Galesburg Register-Mail from Galesburg, Illinois on July 27, 1973 · Page 31
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Galesburg Register-Mail from Galesburg, Illinois · Page 31

Galesburg, Illinois
Issue Date:
Friday, July 27, 1973
Page 31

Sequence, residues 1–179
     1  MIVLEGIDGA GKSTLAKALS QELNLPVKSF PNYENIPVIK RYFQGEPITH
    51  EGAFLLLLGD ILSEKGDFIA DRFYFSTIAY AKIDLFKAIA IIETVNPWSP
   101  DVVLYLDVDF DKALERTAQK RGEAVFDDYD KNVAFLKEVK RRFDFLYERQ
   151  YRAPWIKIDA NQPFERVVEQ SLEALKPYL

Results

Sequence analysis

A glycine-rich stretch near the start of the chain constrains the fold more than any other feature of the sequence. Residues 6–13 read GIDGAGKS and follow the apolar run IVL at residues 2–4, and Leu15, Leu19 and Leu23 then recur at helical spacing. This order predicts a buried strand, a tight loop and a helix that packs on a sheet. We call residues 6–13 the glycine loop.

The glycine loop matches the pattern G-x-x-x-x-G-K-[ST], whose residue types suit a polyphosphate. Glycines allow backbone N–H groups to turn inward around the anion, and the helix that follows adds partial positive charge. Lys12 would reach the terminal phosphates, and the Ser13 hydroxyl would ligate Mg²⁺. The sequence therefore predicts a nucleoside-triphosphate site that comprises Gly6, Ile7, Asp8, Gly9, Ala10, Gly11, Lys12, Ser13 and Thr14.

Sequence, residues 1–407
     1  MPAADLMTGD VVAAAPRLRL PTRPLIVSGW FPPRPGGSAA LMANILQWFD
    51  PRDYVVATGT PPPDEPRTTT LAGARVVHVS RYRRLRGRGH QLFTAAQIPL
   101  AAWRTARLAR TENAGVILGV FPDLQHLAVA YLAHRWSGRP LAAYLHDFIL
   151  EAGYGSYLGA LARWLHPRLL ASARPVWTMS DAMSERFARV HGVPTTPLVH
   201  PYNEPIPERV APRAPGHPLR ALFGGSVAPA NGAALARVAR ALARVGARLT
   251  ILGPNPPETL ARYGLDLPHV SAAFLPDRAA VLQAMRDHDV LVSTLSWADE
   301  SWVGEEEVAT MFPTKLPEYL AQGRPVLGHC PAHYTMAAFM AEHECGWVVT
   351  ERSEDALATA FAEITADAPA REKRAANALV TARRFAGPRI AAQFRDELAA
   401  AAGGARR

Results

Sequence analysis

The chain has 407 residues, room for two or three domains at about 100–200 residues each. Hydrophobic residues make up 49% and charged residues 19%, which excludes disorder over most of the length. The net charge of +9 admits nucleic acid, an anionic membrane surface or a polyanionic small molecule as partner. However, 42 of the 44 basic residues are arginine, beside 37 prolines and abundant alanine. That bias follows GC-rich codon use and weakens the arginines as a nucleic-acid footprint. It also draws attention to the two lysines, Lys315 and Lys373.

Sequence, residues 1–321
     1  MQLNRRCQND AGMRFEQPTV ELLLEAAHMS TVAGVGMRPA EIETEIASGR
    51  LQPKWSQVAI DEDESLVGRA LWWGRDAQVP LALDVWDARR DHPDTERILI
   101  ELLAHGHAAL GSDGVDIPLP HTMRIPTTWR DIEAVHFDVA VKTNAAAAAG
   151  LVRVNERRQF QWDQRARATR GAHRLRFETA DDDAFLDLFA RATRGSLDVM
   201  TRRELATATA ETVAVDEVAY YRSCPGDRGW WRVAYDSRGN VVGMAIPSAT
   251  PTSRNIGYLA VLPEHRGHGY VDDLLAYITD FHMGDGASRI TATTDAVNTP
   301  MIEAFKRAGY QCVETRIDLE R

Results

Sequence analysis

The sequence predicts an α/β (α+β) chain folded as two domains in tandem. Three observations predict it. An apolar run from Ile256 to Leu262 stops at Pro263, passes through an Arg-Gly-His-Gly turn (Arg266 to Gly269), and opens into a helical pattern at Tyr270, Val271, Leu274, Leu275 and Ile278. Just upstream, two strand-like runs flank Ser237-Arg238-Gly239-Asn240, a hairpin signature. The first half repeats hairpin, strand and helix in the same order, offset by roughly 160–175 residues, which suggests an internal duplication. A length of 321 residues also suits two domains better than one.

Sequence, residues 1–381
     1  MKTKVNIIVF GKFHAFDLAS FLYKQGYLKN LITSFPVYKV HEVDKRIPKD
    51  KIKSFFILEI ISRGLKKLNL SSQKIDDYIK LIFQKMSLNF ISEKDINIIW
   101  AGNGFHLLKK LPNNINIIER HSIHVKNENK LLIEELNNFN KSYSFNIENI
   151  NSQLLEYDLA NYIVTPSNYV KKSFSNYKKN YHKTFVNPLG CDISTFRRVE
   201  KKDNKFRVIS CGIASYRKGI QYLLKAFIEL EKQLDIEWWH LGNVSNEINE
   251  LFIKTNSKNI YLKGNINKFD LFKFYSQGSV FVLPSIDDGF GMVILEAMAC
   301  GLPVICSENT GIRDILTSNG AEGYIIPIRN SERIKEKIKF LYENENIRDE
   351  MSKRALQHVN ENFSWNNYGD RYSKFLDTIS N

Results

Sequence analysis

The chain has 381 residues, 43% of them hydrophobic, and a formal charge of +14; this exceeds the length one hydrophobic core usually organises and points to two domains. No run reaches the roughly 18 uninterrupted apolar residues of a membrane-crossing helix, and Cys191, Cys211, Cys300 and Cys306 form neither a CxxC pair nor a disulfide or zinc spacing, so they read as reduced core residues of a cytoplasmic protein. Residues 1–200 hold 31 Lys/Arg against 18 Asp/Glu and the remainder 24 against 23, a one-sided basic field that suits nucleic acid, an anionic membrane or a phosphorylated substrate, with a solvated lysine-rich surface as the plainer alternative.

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Golesburo ft#Qistgr*Maj) # Oaltibuffli State Official Sees 'Need for Honesty 9 Fridoy, Jufv27. 1973 29 uMDHfi . oon^xrowr or ane Strte of llllndift, took * jab at both Watergate and Gov. Din Waft* Thursday r*ght Undberg, the featured apeak* ef at a pork barbecue at Mon* mouth Park sponsored by the Warren County Young Repubn- cat*, used as hi* theme " DM Nee& nr Jionemy n uovefu- meat" ami expressed a desire for more canDor mm Don President Niton and Gov, Walker. "I THINK the President should, in some manner, make! bis personal involvement in the! Watergate affair a matter of record and let the chips fall where they may," said Lmd- berg. He said he personally didn't .'eel the President was involved in the Watergate matter the way some people think he is. "I think he is the type of man who would gfffar beyond reasonable measures to protect people who have worked with him and helped him with many of his marvelous ftccoflipUehments," he said, "and 1 think he has been too loyal and too reluctant to throw the rascals oat" Discujshg Gov. Walker, Und- berg said, "I think the time is past due for him to adopt A pottey of candor rather than one of press agentry." Lindberg rapped Walter for, in fit opinion, trying to foot the public by saying he was presenting a budget for Hit million teas than the previous budget offer* ed by Gov. Richard Ogilvie when, according to Lindberg, he actually planned on spend* ing $113 million more. He also accused the governor of misrepresenting savings as to bills he vetoes. "He frequently adds the figures in duplicate bills which he vetoes and claims to be saving both amounts,'* said L*ndberg. ~. CREATED by (he 1970 Constitution, the Office of Comptroller is ah expanded replacement for the Office of Auditor uorresponacni Mrs. Lorraine Stauth For News 111 6. 10th St Phone 734-4721 For Missed Copies Before • P.M. Pboce 73*4111 of Public Accounts, whfch the new Constitution abolished. Lindberg was inaugurated as Illinois' first comptroller, following three terms in the Illinois House of Representatives. The Comptroller Act of 1972 requires that a new uniform accounting system be in effect by July 1, 1974. Lindberg said Thursday night the new uniform accounting system will include a manual of accounting for about 230,000 accounts. "This means that an of state government will be in the same fiscal or financial system.' Lindberg said this system will permit everyone in the government and the public to have immediate access to complete and understandable financial information, either for investigation or planning. To emphasize the scope of the system being set up, Lindberg said: — The office must maintain (central accounting of about $7 billion in state funds yearly. — DISBURSE $28 million every working day. — Write 40,000 checks a day. — Conduct 10 million transactions a year. Lindberg said it has been necessary to employ extra help in his office in order to have the new uniform accounting system operable by next July. He said a bidding system was used to hire about 70 consultants and specialists, who came primarily from three companies. "We didn't feel we could hire the kind of talent we needed since we would only need our experts for one year, so we chose to hire them from consulting firms,' said Lindberg. THE COMPTROLLER 'S office currently writes about 10 million checks to pay 74,000 state employes and pay other state bills. "Soon we'll begin writing 2.8 million income tax refund checks every year," Lindberg said. He also noted that next July his office will be required to handle the paychecks for 41 ,000 people employed by state uni- veristies. To help with the increased work load in the new office, Lindberg is increasing the use Rebuilding Bridge Topic jr Of Meeting MONMOUTH — Persons in terested in the possibikty of re- f building the covered bridge at Greenbush are invited to a meeting Tuesday at 7 p.m. at the Greenbush Community Center. Mrs. Richard Wolf, Greenbush, said the meeting has been called to discuss whether it may be passible to rebuild the covered bridge that was burned earlier this month, and, if so, how. She said, "We are ex J tending special invitations to fcjj county officials and members ^ 1 of: the Warren County Histon cal Society, but we are hopjig ^j" that anyone who is interested eftf helping us will come.'' M •-• Mrs. Wojf srid it was her- un- M derstanding that the State of \-.Z Hhnois made blueprints of the MM former covered bridge when **-*s I took over: tts-care during '.Stoat wbuld- indi- .mat a poss&ality exists of rebufldmg an almost exact duplicate," said Mrs. Wolf. "But before we do anything we're going to have to discuss financing, materials and dozens of other things," Mrs. Wolf iiilSlii!"'' ^ • : '" :: ^ v !* t ^#sfe i m ¥• • m -t\ 0, 1 4?tal^^^^^ii^^5^ li k: li!|hi T mSfV Il i; • • 'I • 11! IIISl"-TP" •••«. J, Siii "i! •! W» iUjjfV llirf^r^. •-If, ' , 1 I ' ' ' il' ii 1 *sgm «r ' "' I •» tS 'lilii! ffijiiPPiWWPi IliiiipiiS;; 1 !!^ 1 1 ^ P 'iiil 1111 ! i 1 I Hill 1 , |il llii H 1 '' I ilu = * 'P 'Wrt m^sMmmtori 1111 "'lllliM i ii JJB mm « Mff ' • '• •» # - •«•*" » • ••/:,iii!il!!iiullllfflir aiMiillilinnifc,,;' 'fh„ i\ jllJPIilffl! lj|ll»' r ""f«ii!'f"!Mt |fT! " / ^T':^ iffllll'iiil'illiillllll!!!, |||iffliiiiii|||ir!ii|i!iii npiiirjr'iniini,. -.i |r iin' ".n*' -t' 1 ' "'' ' 'lli|! ! 1 " ilk '' ' I'i ' ; »• nmilWiili W*t««ft " 4.M WW Mt« *•* 'r ^i «jji iiiiiiii.'iiiiin^l 7 ^»jJt- l«»lif-..- IsiiiBi." i)i;ii.::l!ll< *i»Md(k» ' iftmnLiM UWM |||; i!i!]i :|i|;» ~< .. .iiwimiii^ ^ilJlUBi: ••• j jf ifr» i'|p - siaiin' •••mm •• '|Jj ;ni||:iriii"tiii'i i *il ti; 11 ' iiiiti« L |i':ni ''11:1'.^ iill»i- '' •»;;• liiiiiiiliiillr '! illm lilllliiiilll ii ».,»• t .. ., : «M# ,IP* • ; • -| jl|lj |||i |l»li|;'"''»l"i« «i|l'i " •"-HI-, •, . '"if" ••' • : i ,:>' ,.\W '•' si 1 f •><• > v '•-liriw •••• : i • >' ktjHit. watuf. .ww*"* T «*t*% v imm »iM<imm VM A M UI tlMmtSB mttmm- tawkrii: ,.' ""ill! lllllllllliilfilllllllll' ! HlllllII[|ll!llllll|lll 'I'lllliiiJIllwS" 'i'llllllllllllliMlilIM p c*"^tr.rilfc.-«j|F f|{pt f lift" •' •:in<iiii »ii4JJFi „>n h 'imlliliiilllliif•* > -'• i"*"""' '••' \l. ,l|t!1,„ t(( . .,:.imJ!!i;:[ t .l1. ; il!ii..Ii. f • Compares Retail Food Prices United Press International chart compares difference in re- since Phase IV began. UNIFAX tail supermarket prices on four major items in 10 cities If enough interest is shown a tthe Tuesday meeting, Mrs. WaK said that it was possible that committees could be set up at that tane. The National Petroleum Council estimates that by the early 1960s, half of me oil used In the United States will come from overseas. Filipinos Flock to Polls To Vote on Referendum MANILA (UPI) - Millions ofiMarcos' Filipinos voted today in a national referendum which was expected to endorse a continua tion of President Ferdinand E ****** -x« !* •X- •x- -X-X- -x- Something New WAJOMAN'5 ON FRIDAY EVENINGS! Country Kitchen BUFFET Featuring Plenty of Pino Pood For tho Entiro Family • SWISS STEAK • FRIED CHICKEN • BARBEQUED CHICKEN • BEEF CASSEROLE • BROILED FISH [Vegetables, Potatoes & Gravy, Numerous I tgalads aad ReUsbes. Help yourself to any or all of this ... No leaves lugry. Round oat a perfect evening by dancing to the fine music of Carol St Lawerence aad her gretp m the Red Coach Lounge. Per Mtervatiens Pltato Phone 3422151 R£STAUfiANT ROUTE ISO NORTH — GAIHIUIG, IUINOIS •X•X- •*> -X•Jf* •Jf•X- •X-X- •X•X- •X•x» •X* •X* •X* •X* •* •x> •M* -X* •X* •X* •X* •X* •X* •X•*> •M» •X«x» •x» <* •X* •X* •x> martial law regime beyond 1973. With compulsory voting in effect and with Filipinos aged 15 years and above, as well as illiterates, allowed to vote for the first time, turnout was reported heavy throughout the day. The voting volume was so big that Marcos extended the referendum by one day up to Saturday. Officials said that at the end of the two-day referendum Saturday evening, they expect that between 18 and 20 million Filipinos —roughly half the Philippines' total population — would have cast their votes. The voter turnout was so heavy that Marcos extended the voting by one day to enable all of an estimated 18 to 20 million persons to cast ballots. Voting was secret and simple —a single question requiring yes or no replies on whether Marcos should continue in office beyond Dec. 31, the date his term would normally expire. The 55-year-old Marcos has tempered his strongman rule with such reforms as distribution of land to tenant farmers, confiscation of more than one- half million unauthorized fire* arms and greater incentives to local exporters and foreign investments. On the other hand, he also has curbed the once-freewheeling Philippine press and stifled political opposition by dismantling congress. Two of his bitterest critics are still under detention along with hundreds of suspected subversives, crime bosses and radical young activists. MONMOUTH Community Memorial Hospital Passengers of Hijacked Jet Return Home After Ordeal TOKYO (UPI) - The passengers of a hijacked Japan Air lines jumbo jet, who escaped death by minutes in Libya, returned home today to an emotional and tearful reunion with their families and thousands of spectators jamming Tokyo Airport. One week after their ordeal began in the skies over Amsterdam, the first 97 passengers to return home stepped DOB jetliner after a flight from Benghazi Libya. It was in the Libyan cay mat! four hijackers gave the 137 passengers and crew five minutes Tuesday to Karachi and Bangkok. One middle-aged man spotted his small son in the crowd and cradled him in his arms. "For a while I was not too sure whether we were going to be killed or not," he said. "But the passengers remained calm throughout the 87 hours they were under captivity." All 97 passengers smiled and bowed as they emerged front the plane. Many wore new shoes. *wMi <rt»* *o redact the ones they pulled off just before escaping the doomed jumbo jet Admissions Wednesday ter Gary Willits Jr., Russell Toops, Mrs. Dena Litzelman, Mrs. W. Joseph Leary, Monmouth; Mrs. Robert Baum Jr., New Boston; Miss Cynthia Fillman, Miss Lisa Fillman, Little York; Master Charles Kirkpat rick, Roseviile. Dismissals Wednesday: Master Rick Brentise, Miss Gertrude Sedwick, Mrs. George Sharer and baby, George Vernon Smith, Monmouth; Miss Janet Belk, Oquawka; George Cagle, Peoria; William McDorman, Kirkwood. Births Wednesday: A son to Mr. and Mrs. Lynn Miller, Monmouth. of computers. "WTftt the computers, our plans call for operating our office by next July with a staff of about 344 people, many of them fiscal experts," said Lindberg. Re said the former office of Auditor ot Public Accounts had • staff of 206 people and all it handled was the writing of about half the number of checks now handled by his office. "Besides paying people, we must also verify the accuracy and legality of each request for state spending," said Lindberg. He said many requests have already been turned down. LINDBERG said he considered his working relationship with Treasurer Allen Dixon "excellent." About 600 people attended the barbecue at the park last night. Among the area legislators present were Sen. Clifford Latherow, R-Carthage; Rep. Tom Me- Masters, R-Oneida, and Rep. Clarence Neff, R-Stronghurst. Check Trees And Shrubs For Worms MONMOUTH - Check your trees and shrubs for bagworms now. Although it's probably too late to do much about the problem this year, It's not too late to take steps to reduce the problem next summer. Sprays offer the best bagworm control, says Jim McCurdy, Warren County Extension adviser. But it's important to spray early in the summer while the worms are still small and easy to kill. By late summer, the bagworm larvae are nearly full grown, the damage is done, and sprays are generally ineffective. "About all you can do now is hand pick the bags off trees and shrubs, place them in a sack, coffee or similar container and send them off with your garbage," McCurdy said. The bags you find on your trees and shrubs now contain the eggs that will hatch a brood of bagworms next spring. And every bag you eliminate now will reduce the number of worms you'll have to contend with next summer. In spring, newly hatched worms leave the mother bag, feed on nearby foliage and begin to construct new bags with silken threads and bits of foliage from the host plants. When fully grown (in late summer), adult males leave the bags and fly about to mate. Adult females remain in the bags and lay the eggs that will produce the next summer's brood. Each female may lay as Mas-.many as 500 eggs. Bagworms feed on the foliage of evergreens and a wide variety of diciduous trees and shrubs, McCurdy says. They can completely defoliate a paint by the end of the summer. Damage is usually most severe on evergreen species. Defoliation does not usually kill deciduous plants, but defoliated evergreens are likely to die, he said. Released by Kidnapers Mrs. Rita Margaret De Nunzio, 22, of Staten Island, N. Y., who was kidnaped on 1-57 late Wednesday night, was released in a field yesterday near Harvey. Talking to reporters at a State Police station, Mrs. De Nunzio appeared tired but healthy. UNIFAX Autographed Quilt Ready For Display at Roseviile ROSEVILLE — The quasqui- centennial autographed quilt, made by members of the Point Pleasant Unit of Homemakers' Extension, has been finished and is ready to be put on display. The quilt, made of fifty-six white blocks, has the auto[graphs of 1,400 Roseviile area residents embroidered on the blocks with red thread. Each corner block is of a red rose, and the center block shows the official seal of the 125th anniversary of Roseviile. The seal was designed by Linda Martin, an 8th grade student, in a contest at the elementary school this spring. The quilt will be shown at the quilt exhibit Saturday, Aug. 4, and at the Warren County Fair, and then will be kept at the museum, where it will be on display. Roseviile United and the Bap- Roseviile MRS. IRA LAND Correspondent Roseviile P. O. Box 14$ Phone 426-2642 tist churches will sponsor a food stand at the park, following the parade here Aug. 4. The parade will start at 11 a.m. Food will be served at the shelter house at the park. The Wesleyan Service Guild meeting scheduled for Thursday has been cancelled. The new (date will be announced later. The old-time band concert and styte show that had been planned for Wednesday night was postponed due to rain. The program will be presented Wednesday at the park. The first newspaper regularly published in America, the "Boston News-Letter," was started by John Campbell in 1704. Sixty per cent of the working population in metropolitan Los Angeles drives to work, says the National Automobile dub. * * * ****** * *******4* * * After leaving Amsterdam, the plane was diverted to Dubai on the Persian Gulf where it escape 1 stayed three days before flying down emergency chutes before on to Damascus, Syria, and they blew up the Boeing 747 Benghazi. The four hijackers 'jetliner with hand grenades. were arrested by Libyan 1 Thousands of spectators were authorities, at the airport terminal as the; Passenger Satoru Onishi said plane arrived after the long I the hijackers carried pistols flight from Libya via Athens,'and hand grenades. ,TM IS FOR TRAVELING Bltncti to fltunl Rattling All kinds of traveling — up mountains or dreaming in the hammock. They are very, very comfortable and very, very tough. The design gives barefoot freedom; the wedge sole gives extra support In Ox Hide leather and soft sand suede. For Men and Women oamoM 214 E. Main St. # Gsitsburg #> Ph. 342 1313